Showing posts with label Wally Lamb. Show all posts
Showing posts with label Wally Lamb. Show all posts

August 30, 2016

I Know This Much Is True by Wally Lamb

On the afternoon of October 12, 1990, my twin brother, Thomas, entered the Three Rivers, Connecticut, public library, retreated to one of the rear study carrels, and prayed to God the sacrifice he was about to commit would be deemed acceptable. . . .

One of the most acclaimed novels of our time, Wally Lamb's I Know This Much Is True is a story of alienation and connection, devastation and renewal, at once joyous, heartbreaking, poignant, mystical, and powerfully, profoundly human.
Woah. This book is heavy. It touches on so many rough topics. Let’s take a quick look at some of those:
Mental Disorders
Mental and Physical Abuse

And that isn’t even all of them. This is one of the most complete novels that I have read in a long time, and it better be since it was almost 900 pages long. I won’t lie -- the length was intimidating. It made me put off reading this book for a few months, but once I actually opened it up to give it a shot, I was hooked.

We can start with Dominick, the main protagonist. The POV character of the book. Straight up, Dominick is an asshole. So many times throughout the duration of the book, I just wanted to smack him for how he talked to people and how he treated them or thought about them. But the more you read, the more his personality starts to make sense. It doesn’t excuse his behavior, but he makes sense and you can begin to feel bad for him and relate to him at times. Dom didn’t have an easy life by any means. By the end you just want things to be okay for him.

Thomas was just a tragic character in this story. From the very first page until the very last. The whole time, I wanted to just grab Thomas and hug him and never let go. I wanted to protect him like Dominick tried to.  Getting the short end of the stick in every situation. Being Dom’s twin, he was always the black sheep brother. The one that everyone liked less, and then he had to have life deal him another blow with schizophrenia. Thomas’s life just wasn’t fair. From the way he was treated as a kid by his own family and the other kids to the way he was handled by the folks at Hatch, the end of Thomas’s story came as no surprise.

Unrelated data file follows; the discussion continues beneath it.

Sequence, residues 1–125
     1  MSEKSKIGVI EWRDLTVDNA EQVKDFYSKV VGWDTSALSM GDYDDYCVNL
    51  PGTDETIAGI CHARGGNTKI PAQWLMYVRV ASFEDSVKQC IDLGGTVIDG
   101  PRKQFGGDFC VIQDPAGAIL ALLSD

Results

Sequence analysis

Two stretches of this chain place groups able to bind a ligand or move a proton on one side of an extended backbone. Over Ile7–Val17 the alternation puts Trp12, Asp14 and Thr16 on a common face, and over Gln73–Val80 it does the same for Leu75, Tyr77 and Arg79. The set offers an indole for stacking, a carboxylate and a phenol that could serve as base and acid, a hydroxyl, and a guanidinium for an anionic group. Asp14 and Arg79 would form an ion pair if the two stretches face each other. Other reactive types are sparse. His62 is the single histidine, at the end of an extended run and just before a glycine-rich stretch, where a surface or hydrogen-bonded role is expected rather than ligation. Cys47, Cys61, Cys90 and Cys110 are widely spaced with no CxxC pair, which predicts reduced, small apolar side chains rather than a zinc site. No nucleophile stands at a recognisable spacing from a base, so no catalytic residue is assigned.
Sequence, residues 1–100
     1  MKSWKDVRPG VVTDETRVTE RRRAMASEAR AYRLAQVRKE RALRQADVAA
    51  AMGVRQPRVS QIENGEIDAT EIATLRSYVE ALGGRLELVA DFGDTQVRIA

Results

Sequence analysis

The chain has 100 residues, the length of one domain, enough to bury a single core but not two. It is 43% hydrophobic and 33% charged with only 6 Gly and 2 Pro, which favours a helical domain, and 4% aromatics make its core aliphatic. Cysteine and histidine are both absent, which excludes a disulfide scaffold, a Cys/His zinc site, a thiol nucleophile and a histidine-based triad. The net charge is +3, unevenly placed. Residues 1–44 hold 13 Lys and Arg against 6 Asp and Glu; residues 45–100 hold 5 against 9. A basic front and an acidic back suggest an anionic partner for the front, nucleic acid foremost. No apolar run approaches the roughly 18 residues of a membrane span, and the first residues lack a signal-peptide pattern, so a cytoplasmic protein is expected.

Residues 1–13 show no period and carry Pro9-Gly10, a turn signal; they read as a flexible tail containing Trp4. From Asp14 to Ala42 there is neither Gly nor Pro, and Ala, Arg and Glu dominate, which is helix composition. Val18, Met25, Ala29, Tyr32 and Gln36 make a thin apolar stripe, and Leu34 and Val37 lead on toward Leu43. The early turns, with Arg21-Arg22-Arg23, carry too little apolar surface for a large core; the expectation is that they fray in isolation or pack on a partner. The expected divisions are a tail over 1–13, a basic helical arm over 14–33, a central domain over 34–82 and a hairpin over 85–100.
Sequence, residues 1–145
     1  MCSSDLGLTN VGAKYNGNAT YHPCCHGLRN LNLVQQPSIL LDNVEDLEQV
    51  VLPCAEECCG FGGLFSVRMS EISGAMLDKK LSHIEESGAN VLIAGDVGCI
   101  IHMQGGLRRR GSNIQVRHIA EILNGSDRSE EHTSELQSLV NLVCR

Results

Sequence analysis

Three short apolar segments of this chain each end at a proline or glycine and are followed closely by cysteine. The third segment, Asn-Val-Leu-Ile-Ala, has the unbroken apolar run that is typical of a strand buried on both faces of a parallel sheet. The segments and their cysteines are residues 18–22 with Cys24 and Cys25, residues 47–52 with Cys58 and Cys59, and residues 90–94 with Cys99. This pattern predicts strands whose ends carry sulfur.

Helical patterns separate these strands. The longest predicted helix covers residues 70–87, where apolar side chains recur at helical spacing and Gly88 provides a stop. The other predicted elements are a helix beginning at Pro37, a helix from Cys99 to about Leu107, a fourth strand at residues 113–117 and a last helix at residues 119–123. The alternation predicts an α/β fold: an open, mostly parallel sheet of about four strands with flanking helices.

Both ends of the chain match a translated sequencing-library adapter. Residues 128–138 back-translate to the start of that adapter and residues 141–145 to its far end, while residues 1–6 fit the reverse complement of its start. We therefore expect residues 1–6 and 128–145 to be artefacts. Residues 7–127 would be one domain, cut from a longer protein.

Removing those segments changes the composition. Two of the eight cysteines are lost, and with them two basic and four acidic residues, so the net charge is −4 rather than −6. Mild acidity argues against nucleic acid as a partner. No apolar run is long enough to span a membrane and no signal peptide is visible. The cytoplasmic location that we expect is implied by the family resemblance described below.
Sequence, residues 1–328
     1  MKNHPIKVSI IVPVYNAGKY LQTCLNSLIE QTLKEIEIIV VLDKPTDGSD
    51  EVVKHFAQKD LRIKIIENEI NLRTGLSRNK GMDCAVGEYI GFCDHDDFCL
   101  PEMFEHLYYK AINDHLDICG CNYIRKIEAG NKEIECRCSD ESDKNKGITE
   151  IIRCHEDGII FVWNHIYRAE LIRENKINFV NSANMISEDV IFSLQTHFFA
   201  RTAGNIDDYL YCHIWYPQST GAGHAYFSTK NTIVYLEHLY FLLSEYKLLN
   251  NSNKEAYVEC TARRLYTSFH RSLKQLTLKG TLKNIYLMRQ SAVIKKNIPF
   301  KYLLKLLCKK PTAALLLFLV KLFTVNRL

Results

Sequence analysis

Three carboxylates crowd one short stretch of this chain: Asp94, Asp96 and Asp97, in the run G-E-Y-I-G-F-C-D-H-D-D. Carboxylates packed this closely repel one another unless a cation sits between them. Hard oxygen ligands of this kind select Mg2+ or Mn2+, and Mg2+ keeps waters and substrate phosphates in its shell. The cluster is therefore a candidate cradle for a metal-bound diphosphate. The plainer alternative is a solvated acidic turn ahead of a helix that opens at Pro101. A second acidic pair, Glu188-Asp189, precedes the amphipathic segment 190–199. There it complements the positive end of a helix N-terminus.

Ray could be considered one of the antagonists in the novel, aside from life itself. Ray was a piece of work, and chapters that included him in the early years were so painful to read at times, but the book wouldn’t have been complete without him. Seeing bits and pieces of his softer side really humanized him, but just like Dom, I couldn’t let go of all of the bad things he had done.

Dom and Thomas’s Mother was an interesting character because the only time we meet her is in flashbacks. Her role in the story contributed so much to how both Dominick and Thomas grew up. If you are into ‘Nature vs. Nurture’ there is an interesting argument to be had about this family. A set of twins that are completely different, yet they are raised by the same parents. The parents treat the boys different, but does turn them into who they became? I would like to hear other opinions on this topic.

Domenico, the grandfather. The mysterious man. We only hear about him until Dominick gets his memoir back in a weird twist of fate. I will admit, most of the chapters that included his memoir dragged on for me. I skipped half of one entirely because I was bored. Some of them were really intense and attention grabbing though. Reading through his writing, you can see where Dominick gets his temperament and part of his personality. Domenico was 1000x worse though. He also came from a different time and from a different situation. Just like Ray, some of his story was so hard to read. He was a terrible man, but he thought so highly of himself.